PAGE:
http://www.booksandsuch.com/blog/got-agent-now/

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8. Twitter Pitches

Perks and pitfalls of participating in Twitter pitch events.

http://www.adventuresinyapublishing.com/2016/09/perks-and-pitfalls-of-twitter-pitches.html#.WAuA4uArJlY

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9. Guest Post: Traci Sorell on Signing with a Literary Agent

Kansas State U. Powwow with son Carlos & cousin Matthew Lester (senior)
By Traci Sorell
for Cynthia Leitich Smith's Cynsations

I had no idea how beneficial an agent could be when I attended my first SCBWI conference in October 2013.

I quickly realized how much about the industry I did not know.

I began to network with other children's writers, especially fellow Native Americans, and when it came time to look for an agent, I utilized that network extensively.

I questioned fellow writers with representation, especially those from Native/people of color backgrounds, about their experience. I asked how agents had presented themselves at conferences or other events. I read agent online interviews and social media posts.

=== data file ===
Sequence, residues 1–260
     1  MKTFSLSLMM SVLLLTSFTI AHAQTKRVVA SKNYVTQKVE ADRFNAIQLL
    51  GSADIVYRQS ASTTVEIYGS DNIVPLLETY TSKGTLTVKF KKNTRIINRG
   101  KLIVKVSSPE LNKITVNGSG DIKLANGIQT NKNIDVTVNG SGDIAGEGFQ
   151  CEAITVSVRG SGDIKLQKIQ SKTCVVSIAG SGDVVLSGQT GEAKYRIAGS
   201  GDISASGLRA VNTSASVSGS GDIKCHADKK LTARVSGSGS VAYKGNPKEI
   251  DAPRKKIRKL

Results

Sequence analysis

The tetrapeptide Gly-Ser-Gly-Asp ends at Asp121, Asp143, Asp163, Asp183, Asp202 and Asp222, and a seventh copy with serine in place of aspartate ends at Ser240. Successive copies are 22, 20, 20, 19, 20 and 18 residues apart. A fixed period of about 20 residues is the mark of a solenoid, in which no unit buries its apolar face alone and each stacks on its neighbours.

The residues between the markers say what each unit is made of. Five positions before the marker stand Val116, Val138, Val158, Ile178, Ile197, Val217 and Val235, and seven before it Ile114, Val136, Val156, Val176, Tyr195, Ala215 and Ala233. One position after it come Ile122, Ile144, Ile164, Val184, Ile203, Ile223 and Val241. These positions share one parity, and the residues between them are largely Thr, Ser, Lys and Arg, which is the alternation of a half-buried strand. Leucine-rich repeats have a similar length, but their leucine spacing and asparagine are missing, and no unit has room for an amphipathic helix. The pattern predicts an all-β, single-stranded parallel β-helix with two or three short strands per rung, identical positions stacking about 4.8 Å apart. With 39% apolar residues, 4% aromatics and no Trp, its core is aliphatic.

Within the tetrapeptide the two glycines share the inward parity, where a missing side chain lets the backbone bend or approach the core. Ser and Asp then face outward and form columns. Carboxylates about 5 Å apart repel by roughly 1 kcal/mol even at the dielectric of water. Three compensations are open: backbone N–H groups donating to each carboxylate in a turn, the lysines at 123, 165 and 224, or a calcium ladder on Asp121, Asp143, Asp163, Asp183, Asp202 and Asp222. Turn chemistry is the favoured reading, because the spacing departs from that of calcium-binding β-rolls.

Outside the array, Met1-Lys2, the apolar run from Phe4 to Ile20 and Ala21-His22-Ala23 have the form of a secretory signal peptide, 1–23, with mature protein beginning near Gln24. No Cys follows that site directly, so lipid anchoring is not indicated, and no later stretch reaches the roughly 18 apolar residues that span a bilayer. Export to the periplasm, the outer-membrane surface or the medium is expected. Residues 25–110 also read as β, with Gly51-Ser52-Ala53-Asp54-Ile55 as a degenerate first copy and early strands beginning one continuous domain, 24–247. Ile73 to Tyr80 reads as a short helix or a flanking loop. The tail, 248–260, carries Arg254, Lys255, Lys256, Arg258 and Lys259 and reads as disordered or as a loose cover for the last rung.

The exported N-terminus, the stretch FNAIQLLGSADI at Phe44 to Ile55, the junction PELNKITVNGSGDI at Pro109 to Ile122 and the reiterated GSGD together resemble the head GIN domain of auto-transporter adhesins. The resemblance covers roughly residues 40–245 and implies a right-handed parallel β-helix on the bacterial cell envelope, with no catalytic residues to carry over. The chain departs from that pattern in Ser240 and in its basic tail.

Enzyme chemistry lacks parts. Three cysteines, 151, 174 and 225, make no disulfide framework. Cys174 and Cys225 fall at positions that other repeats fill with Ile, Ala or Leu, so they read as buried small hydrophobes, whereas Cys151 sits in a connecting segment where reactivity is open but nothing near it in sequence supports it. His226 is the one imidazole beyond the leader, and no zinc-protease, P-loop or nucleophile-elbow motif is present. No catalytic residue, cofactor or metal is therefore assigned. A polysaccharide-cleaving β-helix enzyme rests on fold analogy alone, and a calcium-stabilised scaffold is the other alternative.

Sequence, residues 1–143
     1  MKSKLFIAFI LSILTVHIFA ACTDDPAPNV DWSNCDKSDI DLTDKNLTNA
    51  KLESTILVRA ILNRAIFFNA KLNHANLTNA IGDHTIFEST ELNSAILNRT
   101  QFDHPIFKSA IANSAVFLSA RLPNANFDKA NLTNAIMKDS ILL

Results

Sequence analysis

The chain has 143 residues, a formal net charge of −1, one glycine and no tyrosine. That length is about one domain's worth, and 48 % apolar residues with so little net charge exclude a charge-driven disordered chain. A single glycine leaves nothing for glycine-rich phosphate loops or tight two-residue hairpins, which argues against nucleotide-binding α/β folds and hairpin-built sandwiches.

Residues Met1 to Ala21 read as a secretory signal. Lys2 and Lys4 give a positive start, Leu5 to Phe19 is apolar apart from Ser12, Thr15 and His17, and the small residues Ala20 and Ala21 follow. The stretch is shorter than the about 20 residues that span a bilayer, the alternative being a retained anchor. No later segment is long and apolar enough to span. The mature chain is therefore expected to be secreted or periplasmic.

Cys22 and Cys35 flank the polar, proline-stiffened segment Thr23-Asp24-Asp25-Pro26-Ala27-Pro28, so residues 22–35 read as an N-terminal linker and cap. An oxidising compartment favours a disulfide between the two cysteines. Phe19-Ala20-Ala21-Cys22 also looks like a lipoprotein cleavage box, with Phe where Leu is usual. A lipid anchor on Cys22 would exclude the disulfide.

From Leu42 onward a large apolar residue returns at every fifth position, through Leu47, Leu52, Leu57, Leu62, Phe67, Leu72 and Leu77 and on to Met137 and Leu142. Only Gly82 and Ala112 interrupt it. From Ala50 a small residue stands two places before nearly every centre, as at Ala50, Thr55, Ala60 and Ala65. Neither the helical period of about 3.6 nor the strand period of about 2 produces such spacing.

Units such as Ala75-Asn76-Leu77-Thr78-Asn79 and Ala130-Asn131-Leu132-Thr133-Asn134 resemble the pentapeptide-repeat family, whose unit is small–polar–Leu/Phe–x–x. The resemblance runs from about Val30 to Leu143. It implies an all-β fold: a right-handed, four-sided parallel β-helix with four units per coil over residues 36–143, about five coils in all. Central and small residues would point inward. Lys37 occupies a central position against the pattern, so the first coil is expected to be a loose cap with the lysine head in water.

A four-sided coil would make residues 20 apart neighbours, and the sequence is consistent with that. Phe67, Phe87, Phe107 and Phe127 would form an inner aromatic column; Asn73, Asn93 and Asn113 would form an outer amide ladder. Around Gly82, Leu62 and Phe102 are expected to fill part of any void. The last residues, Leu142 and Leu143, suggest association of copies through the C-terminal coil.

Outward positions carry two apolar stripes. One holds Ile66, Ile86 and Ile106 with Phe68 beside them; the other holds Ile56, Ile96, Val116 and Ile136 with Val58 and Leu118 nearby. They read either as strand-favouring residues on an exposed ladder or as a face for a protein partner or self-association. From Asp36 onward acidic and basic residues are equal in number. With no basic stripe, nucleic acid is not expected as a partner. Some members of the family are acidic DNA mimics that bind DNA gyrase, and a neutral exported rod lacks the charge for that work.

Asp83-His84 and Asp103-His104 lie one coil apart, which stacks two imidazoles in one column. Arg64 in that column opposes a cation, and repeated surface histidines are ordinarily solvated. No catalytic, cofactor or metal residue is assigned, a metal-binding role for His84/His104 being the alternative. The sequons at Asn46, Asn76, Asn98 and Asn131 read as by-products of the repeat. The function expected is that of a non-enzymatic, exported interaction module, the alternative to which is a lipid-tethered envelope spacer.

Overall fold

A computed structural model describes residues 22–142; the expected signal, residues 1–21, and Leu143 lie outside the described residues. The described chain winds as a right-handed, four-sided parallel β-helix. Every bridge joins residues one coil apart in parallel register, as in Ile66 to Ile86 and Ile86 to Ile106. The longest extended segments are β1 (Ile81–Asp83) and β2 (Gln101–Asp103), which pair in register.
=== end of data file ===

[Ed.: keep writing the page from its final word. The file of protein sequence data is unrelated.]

I wanted my agent to be a steadfast partner with a strong work ethic. It is a long-term relationship, so both people have to be dedicated to maintaining it. I required someone who was excited about my work and associated with a well-respected agency.

Traci's Reading Chair
Ideally, I wanted someone who had editorial experience that reflects what I write—fiction, nonfiction, and Native/POC subjects. To be honest, this makes for a small submission list, so I did expand beyond that.

When I communicated with agents via email and telephone, I tracked whether what they shared reflected my list.

My gut got an extreme workout when I received two offers of representation on the same day. I cannot stress enough the importance of developing and checking in with trusted mentors.